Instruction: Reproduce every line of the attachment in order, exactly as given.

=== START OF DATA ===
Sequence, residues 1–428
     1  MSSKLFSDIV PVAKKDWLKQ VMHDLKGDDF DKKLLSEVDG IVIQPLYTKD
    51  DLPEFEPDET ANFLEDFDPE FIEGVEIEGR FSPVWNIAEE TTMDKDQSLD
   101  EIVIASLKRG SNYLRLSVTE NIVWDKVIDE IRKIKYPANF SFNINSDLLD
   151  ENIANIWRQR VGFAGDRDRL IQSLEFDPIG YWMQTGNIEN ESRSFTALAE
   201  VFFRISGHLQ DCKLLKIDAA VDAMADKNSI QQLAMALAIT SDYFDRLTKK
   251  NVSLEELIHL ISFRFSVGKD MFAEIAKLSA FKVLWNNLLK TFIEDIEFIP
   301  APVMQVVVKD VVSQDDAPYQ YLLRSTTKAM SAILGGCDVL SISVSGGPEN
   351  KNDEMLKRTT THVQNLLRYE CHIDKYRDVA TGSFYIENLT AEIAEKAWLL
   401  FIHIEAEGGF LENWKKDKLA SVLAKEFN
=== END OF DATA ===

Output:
Sequence, residues 1–428
     1  MSSKLFSDIV PVAKKDWLKQ VMHDLKGDDF DKKLLSEVDG IVIQPLYTKD
    51  DLPEFEPDET ANFLEDFDPE FIEGVEIEGR FSPVWNIAEE TTMDKDQSLD
   101  EIVIASLKRG SNYLRLSVTE NIVWDKVIDE IRKIKYPANF SFNINSDLLD
   151  ENIANIWRQR VGFAGDRDRL IQSLEFDPIG YWMQTGNIEN ESRSFTALAE
   201  VFFRISGHLQ DCKLLKIDAA VDAMADKNSI QQLAMALAIT SDYFDRLTKK
   251  NVSLEELIHL ISFRFSVGKD MFAEIAKLSA FKVLWNNLLK TFIEDIEFIP
   301  APVMQVVVKD VVSQDDAPYQ YLLRSTTKAM SAILGGCDVL SISVSGGPEN
   351  KNDEMLKRTT THVQNLLRYE CHIDKYRDVA TGSFYIENLT AEIAEKAWLL
   401  FIHIEAEGGF LENWKKDKLA SVLAKEFN